Contenders for the International Prize for Arabic Fiction hosted by Abu Dhabi
The creators of the "short list". Suffering is a common denominator among the six acts
Participants touched on the worlds of their narratives during the session. Emirates Today
Talk of suffering, misery and death dominated the panel discussion that brought together the six writers of novels shortlisted for this year's International Prize for Arabic Fiction at the Emirates Writers Union, Abu Dhabi branch, yesterday evening.
Writer Aisha Sultan, one of the jury members of the award in a previous session, said during her presentation and moderation of the session, that the six novels can be described as falling under what can be called "misery literature", as there is the literature of the diaspora, travel literature, and other classifications, as misery, misery and suffering represent the common denominator between these novels, which are real tragedies that are heart-rending from their cruelty to migrants, families in the diaspora and characters in crisis.
For his part, writer Azhar Zarzis, author of the novel "The Stone of Happiness", stressed that he felt that ignoring the Iraqi concern in his writings would be a kind of betrayal, but when the homeland stabilizes, which is not easy, then he can write about love and less miserable topics.
The Iraqi writer, who immigrated to Norway during the Iraqi civil war, described alienation as like a disease, even if the homeland stabilizes, the return will not be easy, as after living for years in a strange society, acquiring its habits, and getting used to its system, finds it difficult to adapt again to the society he longs for, and its randomness, lack of order, security and incorrect religiosity.
The idea of survival
While the Egyptian writer Miral Eltahawy addressed features of her novel "Days of the Rising Sun", which deals with the worlds of migration and the suffering of people between the harshness of the situation in the homeland and the violence of the place of displacement, pointing to her address of the idea of survival and the search for it, and the perception of some that the mere departure of a person from his homeland is salvation.
She described the migration of the inhabitants of the African continent as unexplained to her, stressing that the homeland may be repellenished, but the new alternative is not a paradise.
Regarding the title of the novel, Miral explained that it is a satirical title about the promised paradise, and carries a paradox about cities and places with beautiful and glamorous names, and characterized by the ugliness of life.
Meanwhile, the Algerian writer, Siddiq Hadj Ahmed, reviewed the atmosphere of his novel "Mena", which takes place in the desert between southern Algeria and northern Mali, and the drought and famine that hit it in 1973, which the Tuareg called "the year of the shin", because of their suffering. He said that the first idea of the novel was formed in 2013, as writing is awareness, and what is in the present accumulates until the moment when it turns into a work of fiction.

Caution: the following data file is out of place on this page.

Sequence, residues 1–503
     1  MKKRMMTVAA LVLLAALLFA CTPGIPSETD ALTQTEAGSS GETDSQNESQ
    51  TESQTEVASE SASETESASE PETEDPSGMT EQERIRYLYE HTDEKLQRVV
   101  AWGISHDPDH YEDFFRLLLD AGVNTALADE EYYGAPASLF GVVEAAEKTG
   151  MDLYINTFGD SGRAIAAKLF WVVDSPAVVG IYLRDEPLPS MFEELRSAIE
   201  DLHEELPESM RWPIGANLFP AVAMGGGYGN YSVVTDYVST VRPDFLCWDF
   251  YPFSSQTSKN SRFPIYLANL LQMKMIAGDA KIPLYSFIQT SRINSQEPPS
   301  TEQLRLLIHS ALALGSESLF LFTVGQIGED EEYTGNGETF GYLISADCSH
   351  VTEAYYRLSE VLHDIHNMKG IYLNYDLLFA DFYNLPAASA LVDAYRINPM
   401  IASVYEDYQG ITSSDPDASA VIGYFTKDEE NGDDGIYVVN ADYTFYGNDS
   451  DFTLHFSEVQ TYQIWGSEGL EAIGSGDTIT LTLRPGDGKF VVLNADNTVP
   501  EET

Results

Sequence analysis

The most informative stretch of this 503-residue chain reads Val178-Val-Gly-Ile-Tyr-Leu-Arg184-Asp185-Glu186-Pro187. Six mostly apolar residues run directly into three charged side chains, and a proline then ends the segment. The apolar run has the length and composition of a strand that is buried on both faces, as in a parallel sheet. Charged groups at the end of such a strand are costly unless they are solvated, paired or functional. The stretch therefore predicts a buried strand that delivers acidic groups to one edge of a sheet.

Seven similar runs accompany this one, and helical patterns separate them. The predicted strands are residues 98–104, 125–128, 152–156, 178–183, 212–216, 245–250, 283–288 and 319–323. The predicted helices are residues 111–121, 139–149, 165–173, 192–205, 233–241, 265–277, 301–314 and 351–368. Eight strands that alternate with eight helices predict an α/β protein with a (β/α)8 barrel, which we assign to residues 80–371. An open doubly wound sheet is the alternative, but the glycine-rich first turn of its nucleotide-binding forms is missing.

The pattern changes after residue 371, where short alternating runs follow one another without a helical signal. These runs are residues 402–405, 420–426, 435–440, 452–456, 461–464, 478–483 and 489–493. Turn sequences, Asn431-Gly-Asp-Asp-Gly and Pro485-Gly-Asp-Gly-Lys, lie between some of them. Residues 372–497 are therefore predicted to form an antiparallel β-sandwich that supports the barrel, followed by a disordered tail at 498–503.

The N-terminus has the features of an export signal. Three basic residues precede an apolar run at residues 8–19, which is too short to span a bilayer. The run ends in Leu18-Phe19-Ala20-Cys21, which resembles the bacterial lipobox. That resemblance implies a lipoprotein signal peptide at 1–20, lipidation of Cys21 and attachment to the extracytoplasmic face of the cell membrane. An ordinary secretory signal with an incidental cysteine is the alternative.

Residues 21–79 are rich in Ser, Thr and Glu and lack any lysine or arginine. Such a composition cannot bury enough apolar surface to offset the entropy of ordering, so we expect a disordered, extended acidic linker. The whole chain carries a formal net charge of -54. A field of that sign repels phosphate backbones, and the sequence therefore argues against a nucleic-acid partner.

The book calls for the search for different climates for the novel, and to open up to the African neighborhood, which is a mine of different cultures, ideas, customs and traditions.
Libyan writer Najwa Ben Shatwan described her novel "Concerto Cyrina Eduardo", which deals with the life of a Cretan Libyan family, through which she presents the human struggle with injustice and political tyranny, as an imagined autobiography, explaining that she writes in complete freedom without political or social censorship.
While the talk about death was dominant in the intervention of the Saudi writer Fatima Abdul Hamid, about her novel "The Supreme Horizon", which revolves around death and love and their intersections in life, through the story of Suleiman, who lives his life under the influence of his mother and wife over him. She pointed out that her choice of the King of Death to be a narrator of events is not new to the novelist scene or even works of art, as it is an idea that has been hammered before, and fits the events of her novel.
Water and its myths
Regarding his novel "The Westernization of the Wasteland" and its link to water and its legends, the Omani writer Zahran Al Qasimi said that the link between water and civilization is very old, and as it is the source of life on earth, it can also be a means of death, recalling the hurricanes that the Sultanate of Oman was exposed to in the past years, and how they affected the geography of the place, and destroyed villages before their inhabitants returned to rebuild them again.
He pointed out that the novel also discusses the issue of excessive consumption of water, it may happen that a person with the abundance of resources may forget that they may run out, which is what happened in the coastal area of Oman in the eighties, where the population exaggerated the withdrawal of water from parents, so salinity rose, and agriculture died, and it took years to treat it.
The Chairman of the Board of Directors of the Emirates Writers Union, Sultan Al Amimi, honored the creators participating in the session hosted by the Union the day before yesterday, pointing to the Union's keenness to celebrate distinguished literary and creative experiences, and participate in various cultural forums.
Aisha Sultan: "The six novels that made it to the list can be described as falling under what might be called the literature of misery."